Students feel the pressure of college expenses -, South Georgia News, Weather, Sports

Students feel the pressure of college expenses

The HOPE scholarship is becoming more difficult to earn and paying less. Tuition is rising, and many colleges are also increasing student fees.

Fees are increasing faster than tuition at Georgia colleges. The University of Georgia increased their In-state tuition by 62% from fall 2007 to this coming fall, while UGA's mandatory fees increased by 94%, leaving some students right here in Albany with a cloud of uncertainty for their future.

Billy Hopkins is a student at Darton College. After leaving school to take care of his ailing grandmother in Florida, he lost his In-state status. That means he'll pay more for tuition, not to mention increasing fees.

"I don't see if how somebody can't get a loan, like I might not be able to get a loan next term, but if somebody can't get a loan and they can't get a Pell grant then they're going bankrupt trying to pay for this and it's not even guaranteed they'll pass the class because they're hard," Hopkins said.

Colleges have long charged fees, but it's only in the past 20 years that they have become a standard expense to earn a degree in Georgia.

These fees may be labeled as a technology fee or an institution fee.

Colleges typically use fee revenue to pay for things students demand beyond academics, such as buses, parking decks and recreational centers.

Some students, like Chelsie Battle, feel these fees aren't needed. "When we're doing everything just to come to school, and luckily I have a scholarship, but some are not. These increases in activity fees are ridiculous and unnecessary."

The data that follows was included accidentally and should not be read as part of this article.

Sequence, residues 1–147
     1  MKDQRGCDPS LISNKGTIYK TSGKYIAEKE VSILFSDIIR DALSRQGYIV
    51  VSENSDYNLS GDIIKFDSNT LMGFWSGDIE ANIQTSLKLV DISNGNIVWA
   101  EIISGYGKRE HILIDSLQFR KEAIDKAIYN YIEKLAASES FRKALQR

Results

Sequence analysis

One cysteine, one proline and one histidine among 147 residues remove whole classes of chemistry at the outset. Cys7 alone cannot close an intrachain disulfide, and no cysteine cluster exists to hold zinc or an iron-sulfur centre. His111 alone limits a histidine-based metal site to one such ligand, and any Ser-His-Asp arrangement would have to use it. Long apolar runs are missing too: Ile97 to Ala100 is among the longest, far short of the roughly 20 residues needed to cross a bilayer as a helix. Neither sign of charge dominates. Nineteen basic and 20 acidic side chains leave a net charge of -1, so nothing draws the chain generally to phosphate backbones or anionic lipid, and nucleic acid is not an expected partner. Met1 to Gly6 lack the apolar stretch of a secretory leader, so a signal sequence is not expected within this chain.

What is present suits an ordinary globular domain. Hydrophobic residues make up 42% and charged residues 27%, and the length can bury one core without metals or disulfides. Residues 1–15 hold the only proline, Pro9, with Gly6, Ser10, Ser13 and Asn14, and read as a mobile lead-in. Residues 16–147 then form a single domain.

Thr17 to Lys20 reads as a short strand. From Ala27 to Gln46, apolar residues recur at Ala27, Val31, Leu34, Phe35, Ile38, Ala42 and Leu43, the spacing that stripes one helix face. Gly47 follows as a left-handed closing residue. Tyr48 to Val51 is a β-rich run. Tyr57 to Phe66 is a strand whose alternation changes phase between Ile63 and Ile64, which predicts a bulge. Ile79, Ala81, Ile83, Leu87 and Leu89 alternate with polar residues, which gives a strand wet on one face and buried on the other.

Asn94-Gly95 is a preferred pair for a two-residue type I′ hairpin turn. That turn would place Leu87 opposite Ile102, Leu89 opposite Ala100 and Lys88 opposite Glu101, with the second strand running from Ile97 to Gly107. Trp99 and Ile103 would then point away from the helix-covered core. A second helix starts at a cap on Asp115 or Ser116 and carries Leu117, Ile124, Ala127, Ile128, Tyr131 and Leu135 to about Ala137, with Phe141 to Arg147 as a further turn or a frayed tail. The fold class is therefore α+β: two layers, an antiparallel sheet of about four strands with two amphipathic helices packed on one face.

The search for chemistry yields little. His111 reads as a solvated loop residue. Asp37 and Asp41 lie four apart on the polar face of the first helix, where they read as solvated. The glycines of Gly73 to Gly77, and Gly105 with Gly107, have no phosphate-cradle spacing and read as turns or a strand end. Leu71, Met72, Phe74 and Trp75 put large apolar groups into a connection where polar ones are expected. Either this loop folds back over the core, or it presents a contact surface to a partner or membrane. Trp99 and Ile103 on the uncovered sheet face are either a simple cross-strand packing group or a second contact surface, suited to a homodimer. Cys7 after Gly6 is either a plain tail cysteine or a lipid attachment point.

Some students are paying fees for things they don't even use. We talked to one student who says she's paying an online fee and she hasn't even taken a course on the web.

Hopkins thinks it's absurd that fees may be the one thing that is holding someone back from obtaining a college education.

"That's ridiculous. If someone has to pay to get on a computer, but they can't go to school because of something that simple, like if that little bit made the difference and they can't come here, then that's stupid. They need to drop it. If they can't support their own funding for the students then they shouldn't have it."

Hopkins and Battle would both like a better explanation from the college as to what the fees pay for and why they're necessary. They hope those fees will decrease soon. 

Financial officials at Darton College were not available to talk to us today.  Increased fees are being reported at most colleges and universities, not just Darton.  


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